IN the end, I just up and retired. The idea was scary, but I did.
Not sure how old you are that might make a difference. I was 52 when I retired. If you are much older, it is very hard to get another job.
I got a job as soon as I wanted one. It took me a couple years to heal my back, but then back to work.
Do not make yourself old with the dread. Those emotions are very hard on your health.
Had I worked longer I would not only have gotten a "buy out" of 48K$ but more money per month for retirement.
If you feel you can get another job, go for it.
I only spent 6 years in the ANG
NRA Life Endowment member
Tri-State Gun collectors Life Member
Do it if you can. When it becomes miserable to go in why do it. I've seen to many people wait far to long, if you can swing it find something you would enjoy more.
It's kids like you, who make this bus late.
|His Royal Hiney|
I'm going to swim against the current here just on the principle that people shouldn't make a decision on a spur of the moment.
Right now, you have the ability to retire or not retire. If you pull the plug, you won't have the ability to un-retire. So take a deep breathe, sit down, write down your options along with the pros and cons under both. Then make your decision when you're clear about everything.
Having said that, if you can swing not having to work versus working.... Just imagine yourself at the end of your life, consider the odds of you saying, "Oh, I wish I had clocked in one more extra day at work."
Good luck with your decision.
"It did not really matter what we expected from life, but rather what life expected from us. We needed to stop asking about the meaning of life, and instead to think of ourselves as those who were being questioned by life – daily and hourly. Our answer must consist not in talk and meditation, but in right action and in right conduct. Life ultimately means taking the responsibility to find the right answer to its problems and to fulfill the tasks which it constantly sets for each individual." Viktor Frankl, Man's Search for Meaning, 1946.
There is a great story passed around the officers of my BN, and I'll give an overly brief summary.
A career NCO hit his 20 years, got his 20 year letter...but stayed in. One AT, they're told they're going to stay out in the field.
It's pouring rain.
The NCO goes to the officer in charge of his company (he was the senior NCO at this point) and asks if this is really how he wants to do this. The officer says absolutely.
The NCO nods, pulls a copy of his letter out of his back pocket, hands it to the officer, and walks out the door, never to be seen again.
So goes the story, anyway.
It sounds to me too like you've pretty much made up your mind. If you weren't eligible yet I'd urge you to stay, but since you are...
The first 100 people to make it out alive...get to live.
I'm going to go with Rey HRH on this one. Think about it for a good 2 weeks, weigh the pro's and con's......then decide....or flip a coin at that point if you can't decide.
|Go ahead punk, make my day|
If I was you.
I wasn't on active paid orders like you, but once I crossed the finish line in the reserves, I was glad to cut away all the mandatory bullshit.
I'm still LOLing at RHINO's pic.
Having an evening to cool off a bit, my better option is probably go in and tell them I cannot do the mission on such short notice. If it costs me being on ADOS, so be it. I do have my 20 years, and even as M-Day I'll be earning more towards my pension. And if M-Day starts to wear thin.....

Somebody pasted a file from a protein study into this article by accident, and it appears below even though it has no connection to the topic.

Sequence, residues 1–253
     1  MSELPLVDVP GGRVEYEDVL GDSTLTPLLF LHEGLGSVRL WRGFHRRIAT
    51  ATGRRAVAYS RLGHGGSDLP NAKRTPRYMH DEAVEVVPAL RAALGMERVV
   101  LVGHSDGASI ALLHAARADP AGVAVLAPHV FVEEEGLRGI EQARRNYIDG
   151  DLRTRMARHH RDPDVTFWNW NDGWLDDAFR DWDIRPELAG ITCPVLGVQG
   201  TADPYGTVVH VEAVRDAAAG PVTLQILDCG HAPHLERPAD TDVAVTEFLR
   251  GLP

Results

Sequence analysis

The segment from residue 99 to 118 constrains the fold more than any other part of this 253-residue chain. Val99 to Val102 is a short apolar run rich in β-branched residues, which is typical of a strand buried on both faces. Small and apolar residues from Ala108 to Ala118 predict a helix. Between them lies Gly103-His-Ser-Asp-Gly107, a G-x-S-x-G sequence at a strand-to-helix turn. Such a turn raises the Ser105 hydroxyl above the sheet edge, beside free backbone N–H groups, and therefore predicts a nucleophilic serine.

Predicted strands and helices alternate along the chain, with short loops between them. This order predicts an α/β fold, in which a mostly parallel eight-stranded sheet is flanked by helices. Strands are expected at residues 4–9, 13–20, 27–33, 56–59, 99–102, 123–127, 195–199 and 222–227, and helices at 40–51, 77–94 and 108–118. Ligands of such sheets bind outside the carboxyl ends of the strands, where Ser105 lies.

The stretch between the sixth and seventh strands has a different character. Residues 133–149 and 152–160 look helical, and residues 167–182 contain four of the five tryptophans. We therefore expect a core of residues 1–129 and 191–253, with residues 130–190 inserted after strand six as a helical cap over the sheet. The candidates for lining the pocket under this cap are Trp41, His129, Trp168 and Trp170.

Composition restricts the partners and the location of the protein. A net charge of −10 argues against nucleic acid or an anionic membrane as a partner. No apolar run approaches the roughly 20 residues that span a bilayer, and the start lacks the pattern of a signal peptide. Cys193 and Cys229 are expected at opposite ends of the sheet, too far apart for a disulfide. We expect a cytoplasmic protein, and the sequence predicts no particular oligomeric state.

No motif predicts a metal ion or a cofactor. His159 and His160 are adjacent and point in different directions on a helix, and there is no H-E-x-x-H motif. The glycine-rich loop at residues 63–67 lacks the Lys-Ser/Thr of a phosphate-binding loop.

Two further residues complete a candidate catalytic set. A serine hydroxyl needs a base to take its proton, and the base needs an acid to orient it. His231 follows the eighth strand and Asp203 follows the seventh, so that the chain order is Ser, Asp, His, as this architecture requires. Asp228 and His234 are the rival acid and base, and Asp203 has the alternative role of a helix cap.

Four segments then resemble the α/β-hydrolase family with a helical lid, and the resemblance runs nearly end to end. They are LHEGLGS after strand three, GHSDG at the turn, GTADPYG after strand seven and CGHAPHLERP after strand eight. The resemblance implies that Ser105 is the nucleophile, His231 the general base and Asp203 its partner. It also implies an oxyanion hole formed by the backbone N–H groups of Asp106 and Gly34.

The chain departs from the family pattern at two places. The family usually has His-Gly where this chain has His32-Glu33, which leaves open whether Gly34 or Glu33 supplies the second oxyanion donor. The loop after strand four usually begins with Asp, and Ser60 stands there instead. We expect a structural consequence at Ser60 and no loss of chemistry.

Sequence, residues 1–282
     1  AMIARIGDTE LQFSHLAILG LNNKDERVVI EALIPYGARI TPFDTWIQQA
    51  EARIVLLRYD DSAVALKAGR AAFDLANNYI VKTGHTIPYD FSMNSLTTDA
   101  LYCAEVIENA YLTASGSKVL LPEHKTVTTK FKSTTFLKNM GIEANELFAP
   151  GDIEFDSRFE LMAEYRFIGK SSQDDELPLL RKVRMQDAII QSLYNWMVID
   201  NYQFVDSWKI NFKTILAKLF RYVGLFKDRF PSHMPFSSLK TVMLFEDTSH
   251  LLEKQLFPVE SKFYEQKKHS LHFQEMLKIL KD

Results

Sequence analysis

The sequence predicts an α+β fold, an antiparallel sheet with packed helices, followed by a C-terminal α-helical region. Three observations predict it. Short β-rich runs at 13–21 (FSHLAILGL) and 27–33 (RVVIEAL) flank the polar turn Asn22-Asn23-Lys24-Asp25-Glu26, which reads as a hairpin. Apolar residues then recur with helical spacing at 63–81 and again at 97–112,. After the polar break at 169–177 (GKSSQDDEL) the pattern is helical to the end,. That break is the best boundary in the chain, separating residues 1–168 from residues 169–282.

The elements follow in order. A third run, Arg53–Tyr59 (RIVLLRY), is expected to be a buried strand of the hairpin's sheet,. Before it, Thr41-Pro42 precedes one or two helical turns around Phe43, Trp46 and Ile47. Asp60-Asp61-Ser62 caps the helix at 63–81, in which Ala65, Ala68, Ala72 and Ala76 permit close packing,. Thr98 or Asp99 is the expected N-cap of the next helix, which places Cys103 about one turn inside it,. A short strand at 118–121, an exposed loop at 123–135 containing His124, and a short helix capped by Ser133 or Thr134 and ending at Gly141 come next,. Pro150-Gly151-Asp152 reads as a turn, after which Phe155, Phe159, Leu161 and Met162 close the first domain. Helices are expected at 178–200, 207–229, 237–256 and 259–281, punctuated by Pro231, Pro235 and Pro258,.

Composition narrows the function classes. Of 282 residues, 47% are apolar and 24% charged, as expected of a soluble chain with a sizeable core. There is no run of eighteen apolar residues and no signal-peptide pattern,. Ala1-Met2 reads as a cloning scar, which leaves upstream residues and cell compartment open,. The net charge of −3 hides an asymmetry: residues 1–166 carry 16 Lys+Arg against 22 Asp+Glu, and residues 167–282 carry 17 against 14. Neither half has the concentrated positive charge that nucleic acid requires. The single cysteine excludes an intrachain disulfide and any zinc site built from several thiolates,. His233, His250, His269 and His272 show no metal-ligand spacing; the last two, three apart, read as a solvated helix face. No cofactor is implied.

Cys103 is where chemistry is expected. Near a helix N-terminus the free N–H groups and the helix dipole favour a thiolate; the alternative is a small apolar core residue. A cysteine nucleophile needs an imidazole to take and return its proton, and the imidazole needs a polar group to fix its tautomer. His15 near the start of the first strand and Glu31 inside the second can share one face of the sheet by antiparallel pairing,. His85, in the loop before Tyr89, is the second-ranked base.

"He is no fool who gives what he cannot keep to gain that which he cannot lose."
- Jim Elliot
I know guys that have deployed several times to Iraq and Afghanistan so you should be thankful you're not being sent OCONUS. In my opinion I think you're whining to much just because you're being tasked to go on what sounds like OIP inspections. If that's too much for you to handle then yes you should retire. I spent a total of 31 years as a Army Reservist, 13 years of AD mixed in and retired in May 2016. Unfortunately the military isn't always a 9 to 5 job so when you're told to go you have to go.This message has been edited. Last edited by: calugo,
Your age and medical insurance may play into your decision. As a reserve retiree, I couldn't start receiving my retired pay until I reached age 60. That was 11 years ago and the rules may be different now. If you are not yet 60 (if that still applies) what will you do for health care in the interim?
I was the S3 at a USAR school when I got promoted out of my slot at age 47. I transferred to the Retired Reserve, which preserved my status and subsequent pay raises for when I officially retired at age 60. Health insurance was covered by my other job.
"Cedat Fortuna Peritis"
Sounds like you'll get a RESERVE retirement now, all that will get you is PX privileges until you turn 60. No $$, no TriCare. You didn't say if you're AGR or a civil service WG technician, those both provide health care and other benefits.
Do some math and think about it. Don't make an impulsive decision you'll later regret.
Reservists still draw retirement benefits at age 60 unless they are eligible for Early Age Drop. EAD subtracts from 60 for every 90 days a reservist is on active duty starting from January 2008. Gray area retirees are eligible for Tricare at a cost of 400 per month for single members and around a thousand a month if you have dependents. Once you hit 60 you're then eligible for Tricare for life but I'm not familiar with the rates.
I would not make that kind of decision in a reaction moment. I know you are thinking about it. But do it on your terms and not in the moment. If you want to do it now, fine. But doing it because you are pissed off in the moment or week is generally not prudent. Take your time and figure it out. Then either do it or keep with the original plan. You can retire at any time. So doing it in haste is not best. Imho
"Practice like you want to play in the game"
I do not know anything about gray area and TriCare, but when I turned 60 I had a choice of basic TriCare (free) or TriCare Prime (about $125/month). At 65 TriCare became TriCare For Life (TFL, free), but I HAD to get MediCare Part B, around $130/mo. I'm five miles from an active duty clinic, I get all my meds there.